Cricket Australia’s COVID protocols saved Boxing Day Test but New Year’s Test in Sydney remains in doubt
Cricket Australia’s COVID protocols saved Boxing Day Test but New Year’s Test in Sydney remains in doubt

Radical option that could salvage SCG Test

The Boxing Day Test has been officially saved by the fine print of cricket's bio-bubble, but the prospects of Sydney hosting a Test match remain in grave doubt.

Sources believe the most likely alternative is for Melbourne to host back-to-back Boxing Day and New Year's Tests, in lieu of Sydney, before the teams head to Brisbane for the series finale.

There was a glimmer of hope for the SCG on Monday night after Queensland Premier Annastacia Palaszczuk nominated January 8 as the earliest she would consider reopening her border to Greater Sydney.

If that eventuated, the current sequence of third Test in Sydney and fourth Test in Brisbane could technically still proceed as scheduled.

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But it would require an enormous leap of faith to be taken by Cricket Australia, given the teams would have to travel to Sydney in early January, before Palaszczuk had even made her decision.

Any explosion in community transmissions and Queensland say it will push its timeline back 28 days.

Sydney might remain a massive headache for CA, but there was one major win on Monday night, with the diligent protocols put in place by head office continuing to save the summer.

Had the Indian cricket team been normal citizens they would not be able to gain entry to Victoria when they fly on Tuesday without serving two weeks of quarantine, because the team had been in Greater Sydney up until Monday December 14.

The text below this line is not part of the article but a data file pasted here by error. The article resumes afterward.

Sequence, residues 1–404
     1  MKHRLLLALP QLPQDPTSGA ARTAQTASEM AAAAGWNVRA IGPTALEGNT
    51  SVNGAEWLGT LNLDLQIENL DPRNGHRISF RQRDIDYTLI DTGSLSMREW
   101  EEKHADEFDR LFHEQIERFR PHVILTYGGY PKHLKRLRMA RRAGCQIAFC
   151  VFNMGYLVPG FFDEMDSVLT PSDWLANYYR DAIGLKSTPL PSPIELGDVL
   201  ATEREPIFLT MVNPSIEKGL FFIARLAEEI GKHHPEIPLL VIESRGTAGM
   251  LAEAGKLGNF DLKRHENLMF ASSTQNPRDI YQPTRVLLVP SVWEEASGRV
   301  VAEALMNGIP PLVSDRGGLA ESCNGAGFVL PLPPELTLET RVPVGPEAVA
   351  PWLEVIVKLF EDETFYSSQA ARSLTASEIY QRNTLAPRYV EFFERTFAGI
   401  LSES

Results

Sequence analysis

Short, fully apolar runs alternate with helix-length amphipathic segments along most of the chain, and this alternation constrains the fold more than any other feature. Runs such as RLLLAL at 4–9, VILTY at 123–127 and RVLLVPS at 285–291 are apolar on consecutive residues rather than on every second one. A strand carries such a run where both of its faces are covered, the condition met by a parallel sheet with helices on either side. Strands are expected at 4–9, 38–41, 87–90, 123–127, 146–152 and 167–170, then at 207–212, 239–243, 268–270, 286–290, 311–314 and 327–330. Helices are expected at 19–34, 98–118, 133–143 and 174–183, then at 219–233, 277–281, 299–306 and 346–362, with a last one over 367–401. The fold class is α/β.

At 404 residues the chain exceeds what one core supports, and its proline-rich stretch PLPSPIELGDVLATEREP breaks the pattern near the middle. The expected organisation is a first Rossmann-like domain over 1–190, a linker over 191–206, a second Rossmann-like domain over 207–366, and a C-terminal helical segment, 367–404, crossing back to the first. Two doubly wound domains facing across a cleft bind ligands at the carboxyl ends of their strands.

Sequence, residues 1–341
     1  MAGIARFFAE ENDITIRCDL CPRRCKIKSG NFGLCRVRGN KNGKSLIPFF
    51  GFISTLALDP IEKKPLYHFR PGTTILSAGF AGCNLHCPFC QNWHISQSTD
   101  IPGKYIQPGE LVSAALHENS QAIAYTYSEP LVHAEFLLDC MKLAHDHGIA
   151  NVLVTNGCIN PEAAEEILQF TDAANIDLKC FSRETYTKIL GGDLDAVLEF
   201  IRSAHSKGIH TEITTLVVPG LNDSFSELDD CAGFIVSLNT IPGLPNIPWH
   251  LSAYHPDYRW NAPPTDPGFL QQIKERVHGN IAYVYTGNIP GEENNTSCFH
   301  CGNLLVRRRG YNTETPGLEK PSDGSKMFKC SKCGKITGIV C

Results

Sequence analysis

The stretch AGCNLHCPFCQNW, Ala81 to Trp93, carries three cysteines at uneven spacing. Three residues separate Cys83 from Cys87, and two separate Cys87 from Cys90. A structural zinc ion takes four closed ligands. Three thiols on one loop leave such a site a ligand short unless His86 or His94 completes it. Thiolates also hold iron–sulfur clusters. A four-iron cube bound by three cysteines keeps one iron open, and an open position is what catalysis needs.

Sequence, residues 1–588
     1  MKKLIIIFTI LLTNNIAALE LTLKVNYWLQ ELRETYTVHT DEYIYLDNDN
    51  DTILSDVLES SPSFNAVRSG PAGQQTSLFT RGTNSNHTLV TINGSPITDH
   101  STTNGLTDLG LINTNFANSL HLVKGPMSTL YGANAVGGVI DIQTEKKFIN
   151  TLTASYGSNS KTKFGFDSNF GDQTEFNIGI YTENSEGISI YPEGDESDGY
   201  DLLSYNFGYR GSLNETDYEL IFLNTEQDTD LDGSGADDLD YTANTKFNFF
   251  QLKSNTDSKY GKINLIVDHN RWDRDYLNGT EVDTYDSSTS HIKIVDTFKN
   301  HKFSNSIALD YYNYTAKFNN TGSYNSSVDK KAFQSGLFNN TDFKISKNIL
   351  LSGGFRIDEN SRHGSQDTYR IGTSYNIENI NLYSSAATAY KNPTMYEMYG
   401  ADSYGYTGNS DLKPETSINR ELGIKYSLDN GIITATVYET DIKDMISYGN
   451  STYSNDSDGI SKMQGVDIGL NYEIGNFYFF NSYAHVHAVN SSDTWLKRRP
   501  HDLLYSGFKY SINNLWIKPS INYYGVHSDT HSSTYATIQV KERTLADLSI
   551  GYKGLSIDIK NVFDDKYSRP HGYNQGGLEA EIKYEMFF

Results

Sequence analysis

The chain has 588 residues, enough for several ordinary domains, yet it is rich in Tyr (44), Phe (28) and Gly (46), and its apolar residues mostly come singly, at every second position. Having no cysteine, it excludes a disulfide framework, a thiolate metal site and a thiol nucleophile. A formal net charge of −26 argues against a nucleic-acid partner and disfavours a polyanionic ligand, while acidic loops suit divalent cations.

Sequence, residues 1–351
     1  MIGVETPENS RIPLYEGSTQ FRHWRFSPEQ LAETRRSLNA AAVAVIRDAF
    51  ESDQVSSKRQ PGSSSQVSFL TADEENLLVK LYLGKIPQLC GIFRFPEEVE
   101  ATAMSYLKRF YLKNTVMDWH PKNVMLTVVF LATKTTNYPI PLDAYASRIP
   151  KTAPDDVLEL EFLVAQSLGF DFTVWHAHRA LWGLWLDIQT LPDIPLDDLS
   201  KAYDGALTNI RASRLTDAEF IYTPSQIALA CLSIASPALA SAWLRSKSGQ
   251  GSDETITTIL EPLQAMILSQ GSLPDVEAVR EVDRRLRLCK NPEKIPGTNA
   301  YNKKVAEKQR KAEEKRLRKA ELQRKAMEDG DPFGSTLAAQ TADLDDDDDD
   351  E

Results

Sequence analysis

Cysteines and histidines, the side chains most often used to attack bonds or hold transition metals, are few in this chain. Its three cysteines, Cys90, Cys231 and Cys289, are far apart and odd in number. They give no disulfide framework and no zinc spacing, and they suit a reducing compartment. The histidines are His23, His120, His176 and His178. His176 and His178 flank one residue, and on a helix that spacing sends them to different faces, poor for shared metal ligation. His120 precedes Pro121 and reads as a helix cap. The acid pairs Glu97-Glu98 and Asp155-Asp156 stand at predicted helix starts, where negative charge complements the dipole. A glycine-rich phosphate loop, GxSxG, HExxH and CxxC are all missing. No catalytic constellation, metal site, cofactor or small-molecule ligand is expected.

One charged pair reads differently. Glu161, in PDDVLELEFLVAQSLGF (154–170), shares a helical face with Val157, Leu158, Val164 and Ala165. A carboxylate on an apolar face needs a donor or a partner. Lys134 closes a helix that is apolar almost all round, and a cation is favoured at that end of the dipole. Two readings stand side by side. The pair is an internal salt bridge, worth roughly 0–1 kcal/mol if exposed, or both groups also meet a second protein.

However, CA has secured the Indian squad - and several of its own stars an exemption from the Victorian Government - which means the Boxing Day Test avoids being hit by a series-altering disaster.

Pat Cummins celebrating a wicket during last year’s Boxing Day Test with Tim Paine, Steve Smith and Mitchell Starc. Picture: Michael Klein
Pat Cummins celebrating a wicket during last year’s Boxing Day Test with Tim Paine, Steve Smith and Mitchell Starc. Picture: Michael Klein

Cricket Australia officials will make a final call on the fate of the SCG's New Year's Test later this week, but they are desperate to give Sydney as long as possible after the number of live cases dropped to 15 on Monday, despite a record amount of testing.

Fox Sports will have star Kerry O'Keeffe calling the Boxing Day action from a Sydney studio, while the ABC - who are still trying to get Ian Chappell out of quarantine in South Australia - will have Jim Maxwell also commentating remotely.

The risk of the Queensland border to NSW not reopening in time for the Gabba's Test on January 15 could have major ramifications for broadcast partners, who have been scrambling to get staff out of Sydney to Melbourne as it is.

"On January 8, we will review," said Queensland Health Minister, Yvette D'Ath.

"January 8 is 28 days from an unlinked case, being back to December 11."

Cricket Australia's big-hitters were due to meet on Monday night for further discussions, and another option flagged is to reverse the order of the Brisbane and Sydney Tests, so the Gabba would start on January 7 and the SCG on January 15.

However, there is a feeling that choice would offer up its own challenges, and although it might not be an insurmountable obstacle - the SCG is currently due to host a BBL match on January 16.

 

 

Cricket Australia's biosecurity bubble has proven a masterstroke this summer, and could still play a key role in convincing Queensland to grant exemptions to cricket's travelling roadshow.

James Pattinson was on standby to be subbed into the first Test on day two, before CA managed to get northern beaches resident Mitchell Starc an exemption from South Australia based on the strength of their bubble protocols.

Without the watertight bubble, the entire Indian squad might have been marooned in South Australia and the entire series would have been flipped on its head.

Some had questioned why CA even needed a bubble as the rate of cases dropped to insignificance around the country, but the reason they maintained it was to ensure teams could cross borders even if outbreaks occurred - and it's a piece of wisdom which has saved the summer.

 

Originally published as Radical option that could salvage SCG Test


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